2. The Synagogue of the Agrippans, probably named after Marcus Agrippa, a Roman Governor, and a benefactor of the Jews. Josephus mentions this incident in his Antiquities, xvi, 2, 3.

3. Synagogue Campus was situated in the Campius Martius, and is often mentioned in epitaphs, therefore it seems to have been an important congregation.

4. The Synagogue Campus and Bolumnus. We often find the names of two districts attached to a synagogue. The inference seems to be by experienced archeologists, that the Bolumnus Synagogue may have become impoverished, joined or amalgamated with a sister synagogue, and incorporated the name of the former community.

5. Synagogue of the Siburesians was situated in the old district of Suburra, the centre of the commercial world of the old Romans, like Lombard Street in London, or Castle Street, Liverpool. The synagogue was also known as the Synagogue of the Emperor Severus, probably in memory of his benefactions. This emperor bore the nickname in Rome of Archisynagogus, from his friendly disposition to the Jews; just like the anti-Semites in our day nicknamed the late Emperor Frederick of Germany the Emperor of the Jews.

6. The Synagogue of Velia. This was situated near the Palatine Hill.

7. The Synagogue of the Hebrews. So called because it was the place of worship founded by Little Jewry from Jerusalem, and those who could speak neither Latin nor Greek; and it was probably also the place of worship of Samaritans, numbers of whom lived in Rome. They called themselves Hebrews, and not Jews, because they were not of Jewish blood. This synagogue was extra muros, outside the Portuensis gate.

8. The Synagogue of the Calcarians, situated near the Circus Maximus.

9. The Synagogue of the Rhodians. We are unable to trace the locale of this community, although it seems to have been a very important one.

These appear to be the important Synagogues referred to in the inscriptions from the catacombs, but there is good evidence to show that there may have been more than a hundred meeting-houses (or chapels, as we should term them now) all over the city, branches of the various important synagogues. The population of the Jews in the Roman metropolis has been variously estimated-some say 80,000; others estimate the number as high as 125,000, but the probable number would be between the various conflicting statements. It would be safer to consider from 90,000 to 100,000 the probable Jewish population of the capital of the Empire.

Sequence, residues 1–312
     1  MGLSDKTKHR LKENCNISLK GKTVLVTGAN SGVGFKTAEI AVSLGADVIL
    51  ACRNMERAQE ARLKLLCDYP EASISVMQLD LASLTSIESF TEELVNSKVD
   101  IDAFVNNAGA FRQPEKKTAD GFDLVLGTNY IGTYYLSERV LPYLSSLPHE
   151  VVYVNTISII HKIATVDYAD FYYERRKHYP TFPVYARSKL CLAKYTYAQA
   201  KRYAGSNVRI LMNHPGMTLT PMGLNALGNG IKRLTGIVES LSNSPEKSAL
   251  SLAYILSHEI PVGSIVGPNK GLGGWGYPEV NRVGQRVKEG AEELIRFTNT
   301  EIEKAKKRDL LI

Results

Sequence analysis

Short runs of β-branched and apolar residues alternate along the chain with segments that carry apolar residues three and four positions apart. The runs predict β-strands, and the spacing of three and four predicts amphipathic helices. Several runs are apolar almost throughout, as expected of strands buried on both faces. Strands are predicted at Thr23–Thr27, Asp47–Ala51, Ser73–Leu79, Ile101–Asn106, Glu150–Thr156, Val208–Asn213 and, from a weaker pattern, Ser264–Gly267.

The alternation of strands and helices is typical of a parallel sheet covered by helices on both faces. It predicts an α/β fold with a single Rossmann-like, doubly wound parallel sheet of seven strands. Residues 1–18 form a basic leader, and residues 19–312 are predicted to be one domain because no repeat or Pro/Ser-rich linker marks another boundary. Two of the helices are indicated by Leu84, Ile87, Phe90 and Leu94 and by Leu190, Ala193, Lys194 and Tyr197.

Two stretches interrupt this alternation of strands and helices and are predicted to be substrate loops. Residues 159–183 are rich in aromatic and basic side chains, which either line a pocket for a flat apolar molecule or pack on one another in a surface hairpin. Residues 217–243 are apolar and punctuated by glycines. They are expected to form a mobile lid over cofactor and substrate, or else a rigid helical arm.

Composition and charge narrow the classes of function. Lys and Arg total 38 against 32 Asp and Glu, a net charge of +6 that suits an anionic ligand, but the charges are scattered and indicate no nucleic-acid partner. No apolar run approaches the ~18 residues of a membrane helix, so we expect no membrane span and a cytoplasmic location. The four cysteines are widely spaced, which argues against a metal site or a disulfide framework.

JUST as a pebble thrown into a pond excites surface ripples, which can heave up and down floating straws under which they pass, so a struck bell or tuning-fork emits energy into the air in the form of what are called sound waves, and this radiant energy is able to set up vibrations in other suitable elastic bodies.

If the body receiving them has its natural or free vibrations violently damped, so that when left to itself it speedily returns to rest, then it can respond fully to notes of almost any pitch. This is the case with your ears and the tones of my voice. Tones must be exceedingly shrill before they cease to excite the ear at all.

If, on the other hand, the receiving body has a persistent period of vibration, continuing in motion long after it is left to itself, like another tuning-fork or bell for instance, then far more facility of response exists, but great accuracy of tuning is necessary if it is to be fully called out; for if the receiver is not thus accurately syntonised with the source, it fails more or less completely to resound.

Conversely, if the source is a persistent vibrator, correct tuning is essential, or it will destroy at one moment motion which it originated the previous moment.